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Title: Pupil careers in the context of a disadvantaging environment
Author: Lomax, Pamela
ISNI:       0000 0001 3612 3254
Awarding Body: University of Surrey
Current Institution: University of Surrey
Date of Award: 1977
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This is a study of Rushel Secondary Modem School, an Educational Priority school, set in a context which has traditionally been labelled as a disadvantaging environment. Of the 351 Rushel schoolgirls that took part in the study, one third were immigrants, 69% were socially deprived and only three had left their primary school with a recorded verbal reasoning ability that was assessed in the upper quartile of the range. The research at Rushel school was sociological and set within the framework of organizational theory. The perspective adopted involved a synthesis of approaches. Rushel school was analysed on the wider structural level of the disadvantaging environment, at the institutional level of interpersonal relationships and organizational realities, and finally as an arena in which the pupil actors were able to negotiate and redefine their identities. The methods adopted in the research were exploratory in nature. Data dredging was used to identify a document that was defined in ethnomethodological terms. Although statistical routines were used, particularly factor analysis, these quantitative techniques were grounded in participant observation. Triangulation and theoretical sampling were important aspects of the methodology. The substantive findings involved the identification of a set of career patterns within which school became meaningful to particular pupils. Teacher expectations of bad pupils was central to the first career pattern. Pupils embarking on this career line were seen as morally blameworthy and lacking in effort rather than in ability. They were hostile to school and they had negative conceptions of themselves. Career pattern two centr on the culture of the peer group world. Two types of career were available in this context - one that was pro school in orientation and one that was delinquescent. The pro school career was peopled by conventionally popular girls - however these girls had markedly worse self concepts than girls who gained their esteem in the pupil subculture that devalued school and school matters. The last career pattern centred around the traditionally disadvantaged child. This child, receiving the full support of a school system that was geared to compensatory education and positive discrimination responded by being the best adjusted pupil in school both in terms of attitudes to school and schoolwork and attitudes to herself.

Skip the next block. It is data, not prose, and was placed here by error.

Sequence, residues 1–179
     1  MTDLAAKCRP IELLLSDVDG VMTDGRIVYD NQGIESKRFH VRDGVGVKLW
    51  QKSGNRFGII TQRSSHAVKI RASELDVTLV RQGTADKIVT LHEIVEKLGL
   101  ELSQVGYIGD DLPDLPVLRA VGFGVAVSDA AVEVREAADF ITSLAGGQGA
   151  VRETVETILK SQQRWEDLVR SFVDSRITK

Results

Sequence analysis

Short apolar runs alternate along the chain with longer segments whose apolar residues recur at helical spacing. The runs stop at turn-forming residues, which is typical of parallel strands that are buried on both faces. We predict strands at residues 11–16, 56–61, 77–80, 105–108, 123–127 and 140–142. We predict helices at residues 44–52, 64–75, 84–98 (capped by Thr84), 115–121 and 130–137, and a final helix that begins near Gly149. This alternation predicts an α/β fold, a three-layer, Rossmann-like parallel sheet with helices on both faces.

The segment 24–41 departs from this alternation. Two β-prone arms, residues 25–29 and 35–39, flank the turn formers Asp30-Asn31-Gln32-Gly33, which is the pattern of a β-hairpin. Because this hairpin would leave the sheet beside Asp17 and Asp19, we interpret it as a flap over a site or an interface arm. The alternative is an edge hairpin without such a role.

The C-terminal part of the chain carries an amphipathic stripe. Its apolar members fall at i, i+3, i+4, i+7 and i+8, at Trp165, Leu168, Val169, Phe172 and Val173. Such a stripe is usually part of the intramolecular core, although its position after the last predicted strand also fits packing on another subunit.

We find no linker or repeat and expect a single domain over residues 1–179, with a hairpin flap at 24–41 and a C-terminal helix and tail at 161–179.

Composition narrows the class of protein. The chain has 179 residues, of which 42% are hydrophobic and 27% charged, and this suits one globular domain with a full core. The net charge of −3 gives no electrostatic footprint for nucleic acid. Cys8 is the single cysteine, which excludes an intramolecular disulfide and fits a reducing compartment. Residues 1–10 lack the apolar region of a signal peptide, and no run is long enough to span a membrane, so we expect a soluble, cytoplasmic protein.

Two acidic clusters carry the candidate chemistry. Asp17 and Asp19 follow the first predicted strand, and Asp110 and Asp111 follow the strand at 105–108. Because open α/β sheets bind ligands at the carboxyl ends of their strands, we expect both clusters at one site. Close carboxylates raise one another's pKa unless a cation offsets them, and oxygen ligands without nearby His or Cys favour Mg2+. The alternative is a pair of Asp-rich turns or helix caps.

Supervisor: Not available Sponsor: Not available
Qualification Name: Thesis (Ph.D.) Qualification Level: Doctoral
EThOS ID:  DOI: Not available